clinical type of onychomycosis. The disease causes little physical handicap but it has a devastating effect on quality of life (QOL) particularly in our set up. Objective The purpose of the study was to assess the effect of itraconazole pulse therapy on quality of life in Pakistani patients with DLSO. Methods Sixty-two patients, 47 males and 15 females suffering from DLSO, age range 19 to 55 years, who were themselves able to understand and fill the questionnaire related with general and disease-specific QOL in English or Urdu version, were enrolled in the study. The total score ranged from 0-60. The higher the score, the greater was the impact on QOL. The patients were subjected to itraconazole pulse therapy and each pulse consisted of 200 mg twice a day for 7 days, followed by a drug-free interval of three weeks. Two pulses were given for fingernail onychomycosis and three pulses for toenail infection. The pre- and posttrial data was analyzed before and after therapy in 46 finger- and 16 toenail cases of DLSO. Results The disease caused psychosocial problems (92%), economic problems in treatment (89.4%), difficulty in cutting nails (62.9%), physical contact problems with hands (60.8%), discomfort in wearing shoes and walking (56.2%), pain (33.8%), disturbance of work with hands (30.4%) and affected performance in sports (22.5%). After itraconazole pulse therapy, these problems decreased to 12.9%, 14.5%, 6.45%, 6.4%, 12.5%, 4.8%, 6.45% and 3.2%, respectively. The mean pretreatment score in patients with finger- and toenail disease was 32+3.4 and 29+4.5, respectively. The score dropped to 4.3+5.4 and 4.4+5.6 (P<0.05) after itraconazole therapy at last follow-up 32 weeks and 48 weeks for finger- and toenail disease, respectively. Fingernail disease has affected QOL more than toenail disease and longer duration of disease, greater involvement of individual nails and greater number of nails involved was also associated with more serious impact on QOL. Females were found to be more psychologically upset than males. Conclusion Itraconazole pulse therapy significantly improves the QOL in disto-lateral subungual onychomycosis of both finger- and toenails in our patients. Key words Onychomycosis, quality of life, itraconazole

Introduction Onychomycosis is the major cause of nail disease in whic h the affected nails become

Address for correspondence Dr. Shahbaz Aman, 2-C Hearn Road, Islampura, Lahore, Pakistan Ph # 92 42 7226045 Email: [email protected]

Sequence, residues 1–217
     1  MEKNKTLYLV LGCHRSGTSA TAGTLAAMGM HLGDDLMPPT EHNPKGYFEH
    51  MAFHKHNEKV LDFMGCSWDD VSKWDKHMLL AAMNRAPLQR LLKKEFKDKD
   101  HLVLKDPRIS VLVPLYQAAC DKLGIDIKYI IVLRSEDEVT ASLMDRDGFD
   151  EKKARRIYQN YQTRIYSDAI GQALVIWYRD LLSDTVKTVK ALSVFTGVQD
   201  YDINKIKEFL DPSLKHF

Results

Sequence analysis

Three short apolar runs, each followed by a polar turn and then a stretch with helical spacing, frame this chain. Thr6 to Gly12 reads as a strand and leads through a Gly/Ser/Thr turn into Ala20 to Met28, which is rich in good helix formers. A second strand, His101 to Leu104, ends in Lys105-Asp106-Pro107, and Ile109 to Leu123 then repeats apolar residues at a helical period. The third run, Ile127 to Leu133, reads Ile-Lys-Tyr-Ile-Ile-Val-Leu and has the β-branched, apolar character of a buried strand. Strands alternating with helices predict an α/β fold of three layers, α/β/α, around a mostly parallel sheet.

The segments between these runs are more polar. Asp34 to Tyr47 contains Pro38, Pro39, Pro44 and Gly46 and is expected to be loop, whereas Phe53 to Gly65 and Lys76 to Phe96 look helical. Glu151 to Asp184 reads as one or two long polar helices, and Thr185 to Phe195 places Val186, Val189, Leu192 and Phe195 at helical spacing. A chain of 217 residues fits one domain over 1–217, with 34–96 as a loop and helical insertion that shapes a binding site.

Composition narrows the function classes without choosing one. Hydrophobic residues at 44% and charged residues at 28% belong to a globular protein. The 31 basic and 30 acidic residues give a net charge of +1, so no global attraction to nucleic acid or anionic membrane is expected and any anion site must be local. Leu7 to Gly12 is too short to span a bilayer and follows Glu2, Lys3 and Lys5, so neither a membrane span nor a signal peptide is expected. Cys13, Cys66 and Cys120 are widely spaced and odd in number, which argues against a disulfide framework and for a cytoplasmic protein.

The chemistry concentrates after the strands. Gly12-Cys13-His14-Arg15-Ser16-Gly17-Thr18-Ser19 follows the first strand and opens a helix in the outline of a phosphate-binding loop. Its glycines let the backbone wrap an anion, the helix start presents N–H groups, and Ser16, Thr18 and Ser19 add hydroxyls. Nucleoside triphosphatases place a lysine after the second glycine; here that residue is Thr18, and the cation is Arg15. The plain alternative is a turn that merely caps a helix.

discolored, thickened and friable.1 Distal and lateral subungual onychomycosis (DLSO) is the most common clinical type of onychomycosis.2,3 This is a chronic disease which can have a severe impact on patient's physical and psychological wellbeing. 4 It can limit the mobility and affect peripheral circulation. The disease may also precipitate recurrent thrombophlebitis

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and cellulitis in the legs.4 The disease is resistant to topical treatment and to achieve resolution, an effective oral antifungal therapy is essential. 5 Owing to its broad-spectrum keratophilic nature and long tissue half-life, itraconazole is a widely used oral antimycotic in onychomycosis. Various studies show an intermittent pulse therapy of itraconazole for onychomycosis to be effective.5,6 Quality of life (QOL) is defined as capacity to perform the daily activities appropriate to person's age and major social role.7 The role could be paid employment, schooling, house work or self care. Several indices are available in the form of questionnaires to measure the extent of disability caused by skin diseases.7 Due to protracted course of illness, the patients with onychomycosis are bothered in numerous ways e.g. nail discoloration, disfigurement, pain and embarrassment.4,8-10 The psychosocial consequences are probably more common than the physical. 4 The present study "Quality of life in distolateral onychomycosis: pre- and postitraconazole therapy" was conducted to quantify the level of handicap experienced by Pakistani patients with DLSO before and after itraconazole pulse therapy. Patients and methods This was a questionnaire-based study. The study protocol and questions were approved by the Institutional Review Board Committee (IRBC). The study was carried out at the Department of Dermatology, King Edward Medical